When in place of the various active materials described in the above formulas, other equivalents are substituted, comparable results obtain. Thus, when using 2 percent of aluminum sulfamate, 1.5 percent of zirconium tetrachloride, 2 percent of hafnium oxychloride, 3 percent of zirconium oxychloride or 1 percent of zinc sulfate, both astringent and hair-treating effects are observed, although the results are not as good as with the 3 percent aluminum chlorhydroxide. Similarly, dimethyl amine oxides other than the myristyl compound are interchangeable with the myristyl dimethyl amine oxide. For example, the lauryl or palmityl dimethyl amine oxides may be used or such higher alkyl diethyl amine oxides and higher alkyl mixed di-lower alkyl amine oxides. The higher acylamido-lower alkyl di-lower alkyl amine oxides, such as lauroyl amidopropyl dimethyl amine oxide; palmitoyl amidoethyl dimethyl amine oxide; or cocooyl amidopropyl diethyl amine oxide may replace the mentioned amine oxides and mixtures thereof, mixtures of the higher alkyl dilower alkyl amine oxides or 50:50 mixtures of these types of amine oxides may be employed. In a similar manner, instead of N-cocoyl, N,N-dimethyl aminopropane sulfonate, the corresponding N-lauryl, N,N- dimethyl aminopropane sulfonate or N-decyl, N- methyl, N-ethyl aminopropane sulfonate may be substituted, with good effects. Similarly, the N-higher acylamido-lower alkyl di-lower alkyl aminopropane sulfonates or mixtures thereof may entirely or partially replace the formula aminopropane sulfonate or equivalent sulfonate. For example, N-cocooyl amidopropyl N,N-dimethyl aminopropane sulfonate; N,N-diethyl aminopropane sulfonate or N-palmitoylamidoethyl N,N-dimethyl aminopropane sulfonate can be used in partial or complete substitution for the formula aminopropane sulfonate. In such products the shampoos and aqueous hair treatments are clear, satisfactorily free flowing, stable and mild and effectively clean the hair, leaving it in good, clean state without being excessively oily or electrically chargeable. Instead of water, aqueous-alcoholic media may be employed. Thickeners, including polyvinyl pyrrolidone, polyvinyl alcohol, carrageenan gum and others named in the specification, may be used. Also, an aqueous solution of 3 percent of aluminum chlorhydroxide may be employed to treat the hair after shampooing or even without previous shampooing, to give it improved manageability and to prevent ready re-soiling. Such treatment also imparts antiperspirant activity and helps to keep the scalp and hair clean by diminishing perspiration and sebum excretions. Instead of using an aqueous solution of aluminum chlorhydroxide, aqueous solutions of other water soluble astringent salts such as the salts of aluminum, hafnium, zirconium or zinc may be substituted for part of the aluminum chlorhydroxide.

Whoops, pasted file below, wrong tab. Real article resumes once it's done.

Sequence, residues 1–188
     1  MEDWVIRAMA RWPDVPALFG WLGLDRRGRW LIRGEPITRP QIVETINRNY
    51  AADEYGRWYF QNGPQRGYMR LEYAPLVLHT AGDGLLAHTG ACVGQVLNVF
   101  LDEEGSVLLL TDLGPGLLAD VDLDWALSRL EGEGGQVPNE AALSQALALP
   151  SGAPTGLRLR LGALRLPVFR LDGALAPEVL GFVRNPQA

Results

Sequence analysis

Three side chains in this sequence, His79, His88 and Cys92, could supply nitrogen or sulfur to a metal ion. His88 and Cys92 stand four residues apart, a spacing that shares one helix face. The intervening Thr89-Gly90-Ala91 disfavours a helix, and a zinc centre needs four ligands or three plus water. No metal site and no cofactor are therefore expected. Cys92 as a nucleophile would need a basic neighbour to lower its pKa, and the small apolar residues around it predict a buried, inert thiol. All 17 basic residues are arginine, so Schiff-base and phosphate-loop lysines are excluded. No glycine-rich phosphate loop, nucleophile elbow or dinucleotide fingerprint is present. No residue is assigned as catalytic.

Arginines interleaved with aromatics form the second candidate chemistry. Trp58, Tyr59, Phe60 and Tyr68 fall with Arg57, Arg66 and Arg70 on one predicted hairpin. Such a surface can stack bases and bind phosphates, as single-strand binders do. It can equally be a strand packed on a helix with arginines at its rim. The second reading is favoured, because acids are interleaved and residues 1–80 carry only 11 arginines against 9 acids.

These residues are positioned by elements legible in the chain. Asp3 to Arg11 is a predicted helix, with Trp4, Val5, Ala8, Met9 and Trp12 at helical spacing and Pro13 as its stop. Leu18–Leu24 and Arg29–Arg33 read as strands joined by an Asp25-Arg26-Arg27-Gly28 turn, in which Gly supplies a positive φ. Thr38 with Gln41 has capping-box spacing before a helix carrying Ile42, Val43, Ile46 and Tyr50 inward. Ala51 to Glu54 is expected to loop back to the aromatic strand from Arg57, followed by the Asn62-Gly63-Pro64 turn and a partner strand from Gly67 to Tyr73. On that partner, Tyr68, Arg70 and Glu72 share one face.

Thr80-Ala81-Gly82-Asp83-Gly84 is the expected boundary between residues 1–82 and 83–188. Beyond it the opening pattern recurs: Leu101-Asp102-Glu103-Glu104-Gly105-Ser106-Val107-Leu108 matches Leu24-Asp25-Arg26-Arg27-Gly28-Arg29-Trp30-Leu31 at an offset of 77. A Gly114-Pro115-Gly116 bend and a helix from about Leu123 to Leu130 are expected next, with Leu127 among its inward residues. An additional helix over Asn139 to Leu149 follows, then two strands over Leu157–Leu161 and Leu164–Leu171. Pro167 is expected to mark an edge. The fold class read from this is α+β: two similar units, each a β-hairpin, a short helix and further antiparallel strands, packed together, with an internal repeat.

EXAMPLE 2 Parts Aluminum chlorhydroxide 5 C higher fatty alcohol polyethoxy ethanol* N-cocoyl, N,N-dimethyl aminopropane sulfonate Myristyl dimethyl amine oxide Tallow dimethyl betaine Water, deionized Hydrochloric acid, 1 Normal Perfume Polyethoxy ethanol portion is 60% by weight of the compound The aluminum chlorhydroxide, nonionic surface active agent, aminopropane sulfonate, amine oxide and betaine are separately dissolved or dispersed in approximately equal portions of the water and the aqueous solutions are then admixed, after which hydrochloric acid acidifying agent and perfume are added. Preliminary dissolvings take place at about 40C. and admixing( s) at 30C. The perfume is added at 25C.